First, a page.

Small victory, big defeat | Inquirer Opinion

Small victory, big defeat

/ 05:06 AM December 15, 2021

The Supreme Court ruled on Dec. 7 on the petitions questioning the Anti-Terrorism Act (ATA, or Republic Act No. 11479) that took effect on July 18, 2020, but has yet to release its main decision along with the justices’ separate opinions. Still, activist groups and other rights advocates have found ground to express relief at a “small” or “partial” victory in the form of two provisions being declared violations of the Constitution, or dismay and determination to seek the high court’s reconsideration.


The petitions — 37 in all, said to be a record number of appeals involving a single case — reflect the widespread apprehension that greeted the controversial law. The apprehension was not wiped out even if: 1) the justices, voting 12-3, declared as “overbroad and violative of the freedom of expression” Section 4 of RA 11479 stating that terrorism “shall not include advocacy, protest, dissent, stoppage of work, industrial or mass action, and other similar exercises of civil and political rights, which are not intended to cause death or serious physical harm to a person, or endanger a person’s life, or create a serious risk to public safety”; and 2) the justices, voting 9-6, threw out Section 25 that allows the Anti-Terrorism Council consisting of Cabinet members to automatically adopt terrorist designations made by foreign governments or entities such as the United Nations Security Council.

Antonio La Viña, dean of the Ateneo School of Government and counsel of Red-tagged indigenous people in their petition, said the justices’ decision on Section 4 “removes the chilling effect” of the ATA on free speech and assembly. “But it is a small victory in what is still a big defeat for human rights,” he said.


That big defeat consists of other provisions of the ATA that were upheld by the Supreme Court as “not unconstitutional,” including those pertaining to warrantless arrests and prolonged detention of up to 24 days without charges or a court order, and even the Anti-Terrorism Council’s authority to designate foreign or domestic groups and persons as terrorists and to freeze their assets. These are “perilous provisions,” as Edre Olalia, president of the National Union of Peoples’ Lawyers (NUPL) and counsel for petitioners Bayan et al., termed them. Evalyn Ursua, counsel for petitioners composed of journalists and artists, rued the high court’s “depressing” decision and the “scary future” to which, she said, it would lead.

It’s a grim point to ponder as the Christmas season goes into full swing and the drop in COVID-19 infections pushes lockdown-weary Filipinos to surrender to the blandishments of merrymaking. Despite the Supreme Court’s ruling, much of the ATA remains in effect: As Sonny Matula, labor leader, senatorial aspirant, and counsel for labor petitioners, reminded everyone, “These problematic provisions are contrary to due process, to the right to be secure in persons, houses, papers and effects, [and to] freedom of association, among others, which are protected by fundamental law.”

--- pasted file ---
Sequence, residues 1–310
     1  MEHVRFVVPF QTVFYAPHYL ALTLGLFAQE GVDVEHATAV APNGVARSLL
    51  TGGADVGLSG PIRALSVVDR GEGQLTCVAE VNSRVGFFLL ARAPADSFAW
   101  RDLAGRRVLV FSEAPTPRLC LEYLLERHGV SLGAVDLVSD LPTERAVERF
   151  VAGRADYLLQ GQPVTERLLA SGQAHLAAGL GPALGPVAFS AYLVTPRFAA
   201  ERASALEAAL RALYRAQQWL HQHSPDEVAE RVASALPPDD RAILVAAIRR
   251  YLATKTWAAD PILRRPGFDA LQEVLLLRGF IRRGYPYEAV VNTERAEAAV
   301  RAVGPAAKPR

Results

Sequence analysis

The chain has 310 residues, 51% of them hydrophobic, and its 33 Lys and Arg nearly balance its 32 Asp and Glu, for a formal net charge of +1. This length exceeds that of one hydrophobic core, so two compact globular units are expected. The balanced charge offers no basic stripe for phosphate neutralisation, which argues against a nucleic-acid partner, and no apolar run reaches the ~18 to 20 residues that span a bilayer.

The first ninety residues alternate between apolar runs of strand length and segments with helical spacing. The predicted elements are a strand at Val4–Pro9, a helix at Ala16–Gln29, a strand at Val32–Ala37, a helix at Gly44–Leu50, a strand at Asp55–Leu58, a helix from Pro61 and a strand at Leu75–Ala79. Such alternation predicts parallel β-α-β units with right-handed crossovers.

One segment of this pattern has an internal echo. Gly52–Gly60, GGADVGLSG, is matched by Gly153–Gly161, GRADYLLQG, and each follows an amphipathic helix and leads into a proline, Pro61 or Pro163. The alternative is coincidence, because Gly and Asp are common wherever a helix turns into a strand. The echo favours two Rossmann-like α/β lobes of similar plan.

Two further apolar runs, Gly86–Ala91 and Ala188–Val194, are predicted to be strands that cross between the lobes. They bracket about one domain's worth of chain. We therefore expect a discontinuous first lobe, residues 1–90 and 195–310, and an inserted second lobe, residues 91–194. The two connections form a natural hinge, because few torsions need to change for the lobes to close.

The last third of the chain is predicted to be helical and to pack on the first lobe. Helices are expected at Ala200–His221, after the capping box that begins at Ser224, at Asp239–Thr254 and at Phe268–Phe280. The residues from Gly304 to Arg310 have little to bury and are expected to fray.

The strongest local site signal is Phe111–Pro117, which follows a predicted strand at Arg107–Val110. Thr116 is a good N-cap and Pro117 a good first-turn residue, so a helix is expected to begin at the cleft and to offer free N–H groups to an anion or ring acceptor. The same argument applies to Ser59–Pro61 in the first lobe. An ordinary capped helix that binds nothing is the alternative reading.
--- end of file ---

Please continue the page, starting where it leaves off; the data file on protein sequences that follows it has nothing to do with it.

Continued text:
According to Justice Secretary Menardo Guevarra, nothing is final in view of the expectation that the concerned parties would file motions for the high court’s reconsideration. Nevertheless, he said, the implementing rules and regulations pertinent to the outlawed provisions would automatically be scrubbed. National Security Adviser and Anti-Terrorism Council vice chair Hermogenes Esperon Jr. was pleased that the high court did not deem the law “entirely unconstitutional,” and indeed Interior Secretary Eduardo Año pronounced the rejected provisions as “minimal” and hardly of significance to the law’s implementation.

An occasion for satisfaction among those opposed to the ATA was that the Supreme Court did not dismiss their petitions on mere procedural grounds. Howard Calleja, the first to file a petition against the law, said he and his colleagues were “grateful” that the case was discussed on merits and not dismissed on supposed technicalities. This conceivably clears the path for future legal action on the matter—a point that jibes with the high court’s statement that “on the basis of the current petitions,” the rest of the ATA’s provisions are not unconstitutional. “This certainly leaves the door open for a challenge of constitutionality on applied cases,” FEU Law dean Melencio S. Sta. Maria and professors observed.

To be sure, the Philippine National Police through its chief, Gen. Dionardo Carlos, has assured the public that with the high court’s ruling, the ATA would not be used to crack down on activists and other dissenters. Still, the struggle continues against the repressive law’s “many fangs and claws,” as Fernando Hicap, chair of the fishers’ group Pamalakaya, put it.

Declared the NUPL’s Olalia: “We will not allow the dying of the flickering light of our basic rights.”

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